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Light from behind supermassive black hole detected for first time

For the first time, scientists have detected light from behind a black hole, and it fulfills a prediction rooted in Albert Einstein's theory of general relativity.

Stanford University astrophysicist Dan Wilkins and his colleagues observed X-rays that were released by a supermassive black hole located at the center of a galaxy that is 800 million light-years from Earth.

These bright light flares are not unusual because although light can't escape a black hole, the enormous gravity around it can heat up material to millions of degrees. This can release radio waves and X-rays. Sometimes, this super-heated material is hurled out into space by rapid jets -- including X-rays and gamma rays.

But Wilkins noticed smaller flashes of X-rays that occurred later and were different colors -- and they were coming from the far side of the black hole.

"Any light that goes into that black hole doesn't come out, so we shouldn't be able to see anything that's behind the black hole," said Wilkins, study author and research scientist at the Kavli Institute for Particle Astrophysics and Cosmology at Stanford University and SLAC National Accelerator Laboratory, in a statement.

However, the black hole's strange nature actually made the observation possible.

"The reason we can see that is because that black hole is warping space, bending light and twisting magnetic fields around itself," he said.

X-ray flares have been seen from the far side of a black hole for the first time, as depicted in this rendering.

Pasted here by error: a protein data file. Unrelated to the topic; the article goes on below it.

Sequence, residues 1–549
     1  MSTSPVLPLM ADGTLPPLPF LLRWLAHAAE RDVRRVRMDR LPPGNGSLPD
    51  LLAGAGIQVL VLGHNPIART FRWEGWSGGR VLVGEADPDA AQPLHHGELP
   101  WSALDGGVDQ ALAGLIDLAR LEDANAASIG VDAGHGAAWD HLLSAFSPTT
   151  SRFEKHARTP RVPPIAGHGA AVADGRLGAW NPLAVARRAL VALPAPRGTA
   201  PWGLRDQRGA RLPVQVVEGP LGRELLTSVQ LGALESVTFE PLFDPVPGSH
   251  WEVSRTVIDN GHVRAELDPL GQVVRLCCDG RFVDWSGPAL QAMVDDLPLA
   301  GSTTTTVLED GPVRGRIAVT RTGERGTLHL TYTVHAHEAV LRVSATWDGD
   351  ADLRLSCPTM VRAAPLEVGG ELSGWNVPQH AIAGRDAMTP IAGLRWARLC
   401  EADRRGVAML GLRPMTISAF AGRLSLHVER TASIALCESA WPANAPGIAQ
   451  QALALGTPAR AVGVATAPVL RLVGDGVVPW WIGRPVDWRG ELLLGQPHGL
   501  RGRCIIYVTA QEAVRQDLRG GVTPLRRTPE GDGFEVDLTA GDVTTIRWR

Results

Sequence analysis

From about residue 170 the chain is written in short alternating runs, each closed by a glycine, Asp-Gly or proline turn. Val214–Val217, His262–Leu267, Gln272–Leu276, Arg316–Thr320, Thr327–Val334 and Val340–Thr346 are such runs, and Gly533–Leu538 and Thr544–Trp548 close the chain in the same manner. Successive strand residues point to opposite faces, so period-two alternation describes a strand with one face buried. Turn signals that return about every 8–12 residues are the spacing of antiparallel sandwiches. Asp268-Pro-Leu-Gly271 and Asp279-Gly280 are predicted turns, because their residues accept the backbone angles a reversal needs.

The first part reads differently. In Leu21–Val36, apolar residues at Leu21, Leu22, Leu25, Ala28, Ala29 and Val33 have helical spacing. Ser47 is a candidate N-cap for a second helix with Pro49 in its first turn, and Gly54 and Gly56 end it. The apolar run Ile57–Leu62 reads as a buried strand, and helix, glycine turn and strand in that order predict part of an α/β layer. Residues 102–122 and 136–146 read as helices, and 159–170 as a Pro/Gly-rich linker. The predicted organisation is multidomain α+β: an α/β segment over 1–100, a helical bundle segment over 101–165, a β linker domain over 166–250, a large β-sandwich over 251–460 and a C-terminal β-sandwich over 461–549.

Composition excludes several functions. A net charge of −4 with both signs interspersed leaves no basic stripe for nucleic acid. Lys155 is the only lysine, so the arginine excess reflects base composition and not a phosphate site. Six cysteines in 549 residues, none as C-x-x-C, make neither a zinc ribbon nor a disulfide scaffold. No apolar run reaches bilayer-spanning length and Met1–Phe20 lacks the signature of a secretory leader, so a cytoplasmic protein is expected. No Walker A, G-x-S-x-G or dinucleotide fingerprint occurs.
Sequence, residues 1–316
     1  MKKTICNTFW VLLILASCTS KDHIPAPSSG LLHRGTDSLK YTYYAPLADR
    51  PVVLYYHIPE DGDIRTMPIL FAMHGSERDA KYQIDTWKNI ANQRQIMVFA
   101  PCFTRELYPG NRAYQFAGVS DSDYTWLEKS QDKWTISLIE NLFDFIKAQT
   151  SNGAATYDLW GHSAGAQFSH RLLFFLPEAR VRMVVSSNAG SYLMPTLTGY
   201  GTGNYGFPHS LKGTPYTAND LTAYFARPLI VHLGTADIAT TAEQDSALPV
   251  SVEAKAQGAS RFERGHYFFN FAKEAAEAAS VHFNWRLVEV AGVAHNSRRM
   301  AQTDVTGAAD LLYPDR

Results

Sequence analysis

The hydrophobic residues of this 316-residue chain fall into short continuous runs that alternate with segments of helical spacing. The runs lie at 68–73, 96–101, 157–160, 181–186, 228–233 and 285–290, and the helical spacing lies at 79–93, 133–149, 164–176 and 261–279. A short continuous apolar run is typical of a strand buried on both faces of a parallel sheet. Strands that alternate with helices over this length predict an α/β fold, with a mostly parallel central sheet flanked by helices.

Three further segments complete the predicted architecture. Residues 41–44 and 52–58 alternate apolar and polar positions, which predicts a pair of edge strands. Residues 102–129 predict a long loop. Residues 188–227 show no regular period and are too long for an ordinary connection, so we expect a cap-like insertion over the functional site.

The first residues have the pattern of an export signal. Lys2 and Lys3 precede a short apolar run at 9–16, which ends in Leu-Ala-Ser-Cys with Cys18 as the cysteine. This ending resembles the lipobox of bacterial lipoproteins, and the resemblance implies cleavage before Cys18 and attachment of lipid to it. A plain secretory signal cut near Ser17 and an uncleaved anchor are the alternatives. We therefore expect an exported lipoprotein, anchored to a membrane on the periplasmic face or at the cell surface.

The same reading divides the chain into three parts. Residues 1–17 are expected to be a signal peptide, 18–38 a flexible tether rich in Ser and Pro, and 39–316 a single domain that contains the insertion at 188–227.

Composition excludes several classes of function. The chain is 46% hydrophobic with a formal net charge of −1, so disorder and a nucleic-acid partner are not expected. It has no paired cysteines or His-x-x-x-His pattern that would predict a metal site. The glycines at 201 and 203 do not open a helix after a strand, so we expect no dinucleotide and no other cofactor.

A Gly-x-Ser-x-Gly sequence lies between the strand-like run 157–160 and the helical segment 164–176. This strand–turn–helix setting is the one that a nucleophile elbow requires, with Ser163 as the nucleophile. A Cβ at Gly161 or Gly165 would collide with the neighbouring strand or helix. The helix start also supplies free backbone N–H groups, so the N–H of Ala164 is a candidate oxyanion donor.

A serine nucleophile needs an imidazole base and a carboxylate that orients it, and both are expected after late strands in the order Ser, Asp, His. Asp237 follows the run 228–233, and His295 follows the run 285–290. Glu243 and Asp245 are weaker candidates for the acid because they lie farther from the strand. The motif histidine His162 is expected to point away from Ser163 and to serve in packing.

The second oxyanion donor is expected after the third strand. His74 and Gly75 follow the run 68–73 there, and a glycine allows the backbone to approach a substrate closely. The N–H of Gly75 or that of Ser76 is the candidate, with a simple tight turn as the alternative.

The study published last Wednesday in the journal Nature.

"Fifty years ago, when astrophysicists starting speculating about how the magnetic field might behave close to a black hole, they had no idea that one day we might have the techniques to observe this directly and see Einstein's general theory of relativity in action," said Roger Blandford, study coauthor and the Luke Blossom Professor in the School of Humanities and Sciences and professor of physics at Stanford University, in a statement.

Einstein's theory, or the idea that gravity is matter warping space-time, has persisted for a hundred years as new astronomical discoveries have been made.

Some black holes have a corona, or a ring of bright light that forms around a black hole as material falls into it and becomes heated to extreme temperatures. This X-ray light is one way scientists can study and map black holes.

As gas falls into a black hole, it can spike to millions of degrees. This extreme heating causes electrons to separate from atoms, which creates magnetic plasma. The powerful gravitational forces of the black hole cause this magnetic field to arc high above the black hole and twirl until it breaks.

This isn't unlike the sun's corona, or hot outer atmosphere. The sun's surface is covered in magnetic fields, which cause loops and plumes to form as they interact with charged particles in the sun's corona. This is why scientists refer to the ring around black holes as a corona.

"This magnetic field getting tied up and then snapping close to the black hole heats everything around it and produces these high energy electrons that then go on to produce the X-rays," Wilkins said.

While studying the X-ray flares, Wilkins spotted smaller flashes. He and his fellow researchers realized the larger X-ray flares were being reflected and "bent around the black hole from the back of the disk," allowing them to see the far side of the black hole.

"I've been building theoretical predictions of how these echoes appear to us for a few years," Wilkins said. "I'd already seen them in the theory I've been developing, so once I saw them in the telescope observations, I could figure out the connection."

The observations were made using two space-based X-ray telescopes: NASA's NuSTAR and the European Space Agency's XMM-Newton.

More observation will be needed to understand these black hole coronas and the European Space Agency's upcoming X-ray observatory, called Athena, will launch in 2031.

"It's got a much bigger mirror than we've ever had on an X-ray telescope and it's going to let us get higher resolution looks in much shorter observation times," Wilkins said. "So, the picture we are starting to get from the data at the moment is going to become much clearer with these new observatories."

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